She is leading her country to a new world of democracy with the somewhat surprising aid of an old enemy, the President and part of the old regime, Thein Sein. Apparently, this odd combination is finding a modus vivendi, as described by Bill Keller in the NY Times. He has interviews with both of them on his blog. (While you are there, scroll down a bit and read something quite cogent about the phenomenon that Uri Avineri calls Romneyahu). The question as to the role of sanctions in turning things around in Myanmar is discussed, pro and con. Daw Aung San Suu Kyi comments in her interview that the generals, in the course of ruining the economy through mismanagement, came to believe their own propaganda and thus could lay their failures at the door of the sanctions. I recall once hearing the late Yehoshaphat Harkavi say that there is nothing as bad for you as believing your own propaganda. The generals in Myanmar who obviously were incompetent to run a country (probably  an army as well) tried to hire technocrats to fill the gap. We met with a group of them who visited Israel in the 1990's.  They were not an impressive lot. The mismanagement of an economy can indeed bring down a military regime as we saw nearly thirty years ago in Brazil. We recall that in her 2011 Reith Lecture, Aung San Suu Kyi said that the difference between the streets of Tunis and Cairo and those of Yangoon lay in the unwillingness of the Tunisian and Egyptian soldiers to fire on their own people.  Maybe the tide has turned in Myanmar.So good luck leaders of Myanmar with your transition and the much needed rehabilitation of the economy and of the country in general.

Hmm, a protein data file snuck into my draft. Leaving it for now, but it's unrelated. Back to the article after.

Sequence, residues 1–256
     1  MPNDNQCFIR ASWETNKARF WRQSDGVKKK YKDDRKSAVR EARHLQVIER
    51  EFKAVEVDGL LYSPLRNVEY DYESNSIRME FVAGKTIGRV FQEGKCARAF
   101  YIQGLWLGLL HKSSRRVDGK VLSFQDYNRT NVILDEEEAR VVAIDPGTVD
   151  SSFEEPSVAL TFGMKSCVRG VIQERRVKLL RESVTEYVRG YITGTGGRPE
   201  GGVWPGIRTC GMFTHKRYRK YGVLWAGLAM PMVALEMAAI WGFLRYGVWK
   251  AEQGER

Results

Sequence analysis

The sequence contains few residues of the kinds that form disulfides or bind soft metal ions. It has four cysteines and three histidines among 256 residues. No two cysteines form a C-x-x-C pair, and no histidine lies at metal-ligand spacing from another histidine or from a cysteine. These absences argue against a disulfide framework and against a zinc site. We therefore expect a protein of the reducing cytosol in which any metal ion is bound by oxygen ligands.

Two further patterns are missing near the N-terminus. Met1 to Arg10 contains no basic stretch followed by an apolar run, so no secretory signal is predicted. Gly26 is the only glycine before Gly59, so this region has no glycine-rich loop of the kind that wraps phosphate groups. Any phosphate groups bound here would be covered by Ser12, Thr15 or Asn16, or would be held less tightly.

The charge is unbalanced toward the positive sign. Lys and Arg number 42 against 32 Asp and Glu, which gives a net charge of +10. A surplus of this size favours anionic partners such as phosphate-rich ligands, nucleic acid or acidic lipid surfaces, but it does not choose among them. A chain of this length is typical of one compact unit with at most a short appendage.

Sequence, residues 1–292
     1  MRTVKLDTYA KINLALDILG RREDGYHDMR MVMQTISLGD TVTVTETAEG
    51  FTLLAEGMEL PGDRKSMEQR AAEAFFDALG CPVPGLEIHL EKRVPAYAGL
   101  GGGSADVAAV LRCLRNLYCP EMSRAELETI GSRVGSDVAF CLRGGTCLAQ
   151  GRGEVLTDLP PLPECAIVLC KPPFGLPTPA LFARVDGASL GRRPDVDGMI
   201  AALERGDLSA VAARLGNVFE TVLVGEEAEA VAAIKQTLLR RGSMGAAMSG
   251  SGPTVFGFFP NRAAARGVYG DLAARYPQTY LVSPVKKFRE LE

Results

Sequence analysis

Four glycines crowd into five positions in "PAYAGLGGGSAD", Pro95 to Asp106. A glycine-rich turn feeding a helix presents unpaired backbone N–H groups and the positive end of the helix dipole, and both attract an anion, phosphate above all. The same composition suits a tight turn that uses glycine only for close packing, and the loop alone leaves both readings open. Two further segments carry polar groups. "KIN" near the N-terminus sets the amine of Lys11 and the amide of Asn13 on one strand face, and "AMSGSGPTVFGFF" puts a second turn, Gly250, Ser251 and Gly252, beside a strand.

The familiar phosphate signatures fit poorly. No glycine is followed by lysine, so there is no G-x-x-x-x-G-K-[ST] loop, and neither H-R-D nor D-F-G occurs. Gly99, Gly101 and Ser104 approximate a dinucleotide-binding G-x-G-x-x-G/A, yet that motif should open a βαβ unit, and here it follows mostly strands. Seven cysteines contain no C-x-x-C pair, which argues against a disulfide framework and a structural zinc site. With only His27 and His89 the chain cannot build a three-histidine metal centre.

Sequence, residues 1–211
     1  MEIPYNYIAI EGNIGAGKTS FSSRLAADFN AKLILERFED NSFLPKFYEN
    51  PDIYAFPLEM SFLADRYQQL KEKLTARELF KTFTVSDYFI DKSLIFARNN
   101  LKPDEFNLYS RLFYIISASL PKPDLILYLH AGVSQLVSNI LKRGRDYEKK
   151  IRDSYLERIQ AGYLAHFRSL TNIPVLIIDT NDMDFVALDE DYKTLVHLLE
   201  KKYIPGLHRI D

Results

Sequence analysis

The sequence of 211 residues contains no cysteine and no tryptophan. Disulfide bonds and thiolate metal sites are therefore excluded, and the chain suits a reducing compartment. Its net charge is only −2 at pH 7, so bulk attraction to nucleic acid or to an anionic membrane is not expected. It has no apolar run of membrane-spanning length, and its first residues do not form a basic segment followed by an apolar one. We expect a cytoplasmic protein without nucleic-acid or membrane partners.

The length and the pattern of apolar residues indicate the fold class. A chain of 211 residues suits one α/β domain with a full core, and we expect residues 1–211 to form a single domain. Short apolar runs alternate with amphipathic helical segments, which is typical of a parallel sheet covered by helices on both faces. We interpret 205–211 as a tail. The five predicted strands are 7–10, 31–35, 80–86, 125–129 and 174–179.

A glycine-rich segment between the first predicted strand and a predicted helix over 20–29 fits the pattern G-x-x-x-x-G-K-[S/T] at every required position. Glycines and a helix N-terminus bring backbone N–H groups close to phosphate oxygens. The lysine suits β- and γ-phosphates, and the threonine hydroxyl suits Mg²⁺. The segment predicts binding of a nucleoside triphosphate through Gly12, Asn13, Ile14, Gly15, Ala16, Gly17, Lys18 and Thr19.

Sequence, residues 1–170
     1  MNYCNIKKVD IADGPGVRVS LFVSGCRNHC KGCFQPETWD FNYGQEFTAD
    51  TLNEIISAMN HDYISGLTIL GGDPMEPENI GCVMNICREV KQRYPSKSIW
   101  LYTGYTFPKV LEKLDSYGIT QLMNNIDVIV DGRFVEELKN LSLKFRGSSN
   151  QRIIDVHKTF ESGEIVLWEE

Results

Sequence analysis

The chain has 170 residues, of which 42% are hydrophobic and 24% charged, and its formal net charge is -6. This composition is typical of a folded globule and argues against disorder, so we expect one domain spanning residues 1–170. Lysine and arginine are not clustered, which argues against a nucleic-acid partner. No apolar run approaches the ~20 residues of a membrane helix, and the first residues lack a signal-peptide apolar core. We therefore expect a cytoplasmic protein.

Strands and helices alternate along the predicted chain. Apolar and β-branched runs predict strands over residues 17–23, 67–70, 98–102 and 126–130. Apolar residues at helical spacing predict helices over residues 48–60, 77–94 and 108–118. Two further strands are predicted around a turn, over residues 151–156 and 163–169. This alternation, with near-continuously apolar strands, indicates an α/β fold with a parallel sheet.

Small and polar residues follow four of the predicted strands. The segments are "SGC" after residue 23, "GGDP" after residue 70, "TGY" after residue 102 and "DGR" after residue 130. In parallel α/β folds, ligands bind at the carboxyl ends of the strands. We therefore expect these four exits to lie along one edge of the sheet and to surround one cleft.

At the end of his op-ed Bill Keller quotes an academic, David Steinberg, a Myanmar scholar at Georgetown University and a sanctions skeptic, who said the campaign for a free Burma has always included a contingent enamored of its own righteousness. Earlier generations embraced the Spanish Civil War, and then the anti-apartheid movement, he said. “Burma was the last good cause.” We take strong exception to this gratuitous insult to human rights defenders everywhere. People gave their lives for the Spanish Republic, human rights defenders in China have paid a terrible price, the struggle against apartheid levied its toll of suffering and blood. We ourselves, in our small way,  have breathed our share of Israeli army tear gas and it was nothing to be enamored of. Professor Steinberg appears to be enamored of his own wisdom and arrogance, fighting the good fight in his nice office at Georgetown University. F@#* you Prof. Steinberg!